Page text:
Chapter 4

Analyzing Work and Designing Jobs

Work Flow in Organizations
Work Flow Design
The process of analyzing the tasks necessary for the production of a product or service.

Job
A set of related duties.

Position
The set of duties (job) performed by a particular person.

RAW INPUTS
What materials, data, and information are needed?

EQUIPMENT
What special equipment, facilities, and systems are needed?

ACTIVITY
What tasks are required in the production of the output?

OUTPUT
What product, information, or service is provided? How is the output measured?

HUMAN RESOURCES What knowledge, skills, and abilities are needed by those performing the tasks?

Work Flow in Organizations
‡ Work Processes
‡ The activities in a work unit that members of a work unit engage in to produce a given output.

‡ Operating Procedures
‡ These include all the tasks that must be performed in producing the output.

Work flow Design and an Organization¶s Structure
‡ Centralized
‡ Authority is concentrated in a few people at the top of the organization.

‡ Decentralized
‡ Authority is spread among many people.

Job Analysis
Job Descriptions
A list of the tasks, duties, and responsibilities that a particular job entails.

Job Specifications
A list of knowledge, skills, abilities, and other characteristics that an individual must have to perform a particular job.

Sample Job Description

Sample Job Specifications

‡ Knowledge refers to factual or procedural information that is necessary for successfully performing a task ‡ Skill refers to an individual¶s level of proficiency at performing a particular task ‡ Ability refers to a more general enduring capability that an individual possesses

Job Analysis
Position Analysis Questionnaire (PAQ)
A standardized job analysis questionnaire containing 194 questions about work behaviors, work conditions, and job characteristics that apply to a wide variety of jobs.

Position Analysis Questionnaire (PAQ)
Six sections concerning different aspects of the job: 1. Information input - Where and how a worker gets information needed to perform the job. 2. Mental processes - The reasoning, decision making, planning, and informationinformation-processing activities involved in performing the job. 3. Work Output - the physical activities, tools, and devices used by the worker to perform the job.

Position Analysis Questionnaire (PAQ)
4. Relationships with Other Persons - The relationships with other people required in performing the job. 5. Job Context - The physical and social contexts where the work is performed. 6. Other Characteristics - The activities, conditions, and characteristics other than those previously described that are relevant to the job.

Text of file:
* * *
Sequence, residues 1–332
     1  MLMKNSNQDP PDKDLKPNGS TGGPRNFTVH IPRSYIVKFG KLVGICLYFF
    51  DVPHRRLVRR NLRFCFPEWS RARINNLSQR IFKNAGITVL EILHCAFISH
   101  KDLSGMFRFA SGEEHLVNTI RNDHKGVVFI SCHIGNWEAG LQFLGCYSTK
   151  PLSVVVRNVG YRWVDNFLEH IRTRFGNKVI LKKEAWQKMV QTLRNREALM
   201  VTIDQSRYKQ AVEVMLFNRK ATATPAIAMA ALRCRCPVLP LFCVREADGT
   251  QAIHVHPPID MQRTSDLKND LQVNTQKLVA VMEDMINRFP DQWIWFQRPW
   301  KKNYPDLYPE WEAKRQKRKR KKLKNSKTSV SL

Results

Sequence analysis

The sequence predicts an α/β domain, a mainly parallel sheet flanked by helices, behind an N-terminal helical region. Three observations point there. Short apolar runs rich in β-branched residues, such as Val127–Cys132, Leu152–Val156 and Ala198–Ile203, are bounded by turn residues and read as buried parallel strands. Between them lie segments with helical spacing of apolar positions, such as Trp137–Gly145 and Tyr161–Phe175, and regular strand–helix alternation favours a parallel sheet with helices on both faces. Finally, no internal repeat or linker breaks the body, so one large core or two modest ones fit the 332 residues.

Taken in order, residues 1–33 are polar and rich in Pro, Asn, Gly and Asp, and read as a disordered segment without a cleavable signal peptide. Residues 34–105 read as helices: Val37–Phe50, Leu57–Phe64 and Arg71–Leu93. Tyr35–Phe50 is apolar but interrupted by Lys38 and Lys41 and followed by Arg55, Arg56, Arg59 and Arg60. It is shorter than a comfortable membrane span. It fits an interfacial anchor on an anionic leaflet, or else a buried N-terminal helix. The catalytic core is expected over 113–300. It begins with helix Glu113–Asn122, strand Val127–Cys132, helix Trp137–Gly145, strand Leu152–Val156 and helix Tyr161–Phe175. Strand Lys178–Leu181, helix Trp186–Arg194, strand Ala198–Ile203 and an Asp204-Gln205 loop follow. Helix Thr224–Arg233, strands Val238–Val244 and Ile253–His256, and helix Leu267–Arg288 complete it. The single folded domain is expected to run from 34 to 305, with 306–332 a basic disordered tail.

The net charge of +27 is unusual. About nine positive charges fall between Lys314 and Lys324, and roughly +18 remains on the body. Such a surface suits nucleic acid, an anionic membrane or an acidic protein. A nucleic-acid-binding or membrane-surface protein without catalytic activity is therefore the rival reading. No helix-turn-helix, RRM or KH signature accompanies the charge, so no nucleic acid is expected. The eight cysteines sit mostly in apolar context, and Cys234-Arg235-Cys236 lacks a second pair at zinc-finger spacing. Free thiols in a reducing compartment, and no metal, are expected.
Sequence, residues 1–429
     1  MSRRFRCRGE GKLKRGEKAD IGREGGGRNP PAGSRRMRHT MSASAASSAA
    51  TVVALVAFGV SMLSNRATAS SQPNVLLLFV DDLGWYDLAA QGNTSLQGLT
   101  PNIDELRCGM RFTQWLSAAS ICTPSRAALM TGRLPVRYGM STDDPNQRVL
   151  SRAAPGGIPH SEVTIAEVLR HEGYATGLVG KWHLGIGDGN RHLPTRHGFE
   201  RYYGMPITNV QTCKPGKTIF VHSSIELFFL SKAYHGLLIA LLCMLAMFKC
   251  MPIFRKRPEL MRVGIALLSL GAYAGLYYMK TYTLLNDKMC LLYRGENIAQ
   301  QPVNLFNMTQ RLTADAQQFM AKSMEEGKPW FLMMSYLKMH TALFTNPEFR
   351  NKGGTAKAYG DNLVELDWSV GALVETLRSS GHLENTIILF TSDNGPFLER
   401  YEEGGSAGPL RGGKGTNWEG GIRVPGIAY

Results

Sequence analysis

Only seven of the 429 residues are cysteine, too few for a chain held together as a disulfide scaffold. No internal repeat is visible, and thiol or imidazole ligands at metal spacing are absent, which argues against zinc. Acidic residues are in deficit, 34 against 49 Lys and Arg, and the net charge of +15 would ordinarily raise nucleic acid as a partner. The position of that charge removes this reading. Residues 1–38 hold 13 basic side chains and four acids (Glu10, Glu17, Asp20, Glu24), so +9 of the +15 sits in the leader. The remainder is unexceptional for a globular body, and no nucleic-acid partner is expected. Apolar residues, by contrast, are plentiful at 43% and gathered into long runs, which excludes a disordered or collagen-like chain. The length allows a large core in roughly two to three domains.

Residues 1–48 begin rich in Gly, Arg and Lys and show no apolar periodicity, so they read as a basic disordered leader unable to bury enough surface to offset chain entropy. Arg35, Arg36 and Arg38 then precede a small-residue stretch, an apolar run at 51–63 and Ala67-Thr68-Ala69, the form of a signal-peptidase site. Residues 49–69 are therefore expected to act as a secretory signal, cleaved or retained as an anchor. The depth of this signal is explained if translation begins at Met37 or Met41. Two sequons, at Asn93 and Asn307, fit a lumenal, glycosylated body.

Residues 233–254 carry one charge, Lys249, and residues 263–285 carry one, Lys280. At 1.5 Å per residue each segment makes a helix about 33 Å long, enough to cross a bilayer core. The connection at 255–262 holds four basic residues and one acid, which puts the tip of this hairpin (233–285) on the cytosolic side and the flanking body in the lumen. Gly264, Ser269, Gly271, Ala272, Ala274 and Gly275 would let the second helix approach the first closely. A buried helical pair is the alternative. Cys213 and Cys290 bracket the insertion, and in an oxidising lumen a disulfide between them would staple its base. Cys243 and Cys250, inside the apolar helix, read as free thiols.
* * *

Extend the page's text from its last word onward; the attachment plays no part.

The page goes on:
‡ Fleishman Job Analysis System
Job analysis technique that asks subject-matter subjectexperts to evaluate a job in terms of the abilities required to perform the job.

Trends in Job Analysis
‡ Dejobbing- viewing organizations as a field Dejobbingof work to be done, rather than as a set or series of jobs held by individuals.

Job Design
The process of defining how work will be performed and what tasks will be required in a given job.

Designing Efficient Jobs
‡ Industrial Engineering The study of jobs to find the simplest way to structure work in order to maximize efficency.

Designing Jobs that Motivate
‡ Five characteristics of a Motivating Job 1. Skill Variety- The extent to which a job Varietyrequires a variety of skills to carry out the tasks involved. 2. Task Identity- The degree to which a job Identityrequires completing a ³whole´ piece of work form beginning to end. 3. Task Significance- The extent to which the Significancejob has an important impact an the lives of other people.

Designing Jobs that Motivate
4. Autonomy- The degree to which the job allows an Autonomyindividual to make decisions about the way the work will be carried out. 5. Feedback- The extent to which a person receives Feedbackclear information about performance effectiveness from the work itself.

‡ Job Enlargement - Broadening the types of tasks performed in a job. ‡ Job Extension -Enlarging jobs by combining several relatively simple jobs to form a job with a wider range of tasks. ‡ Job Rotation - Enlarging jobs by moving employees among several different jobs ‡ Job Enrichment - Empowering workers by adding more decisiondecision-making authority jobs.

Flexible Work Schedules
‡ Flextime
‡ A scheduling policy in which full-time fullemployees may choose starting and ending times within guidelines specified by the organization.

‡ Job Sharing
‡ A work option in which two part-time partemployees carry out the tasks associated with a single job.

Flexible Work Schedules
‡ Compressed Workweek
‡ A schedule in which workers complete their weekly hours in fewer than 5 days.

Telework
‡ Telework or Telecommuting
‡ Doing one¶s work away from a centrally located office.

Designing Ergonomic Jobs
‡ Ergonomics
‡ The study of the interface between individuals¶ physiology and the characteristics of the physical work environment.

‡ Ergonomic Job Design has been applied in
redesigning equipment used in jobs that are physically demanding.

Designing Jobs That Meet Mental Capabilities and Limitations
‡ Limit the amount of information and memorization that the job requires ‡ Limit distractions or interruptions

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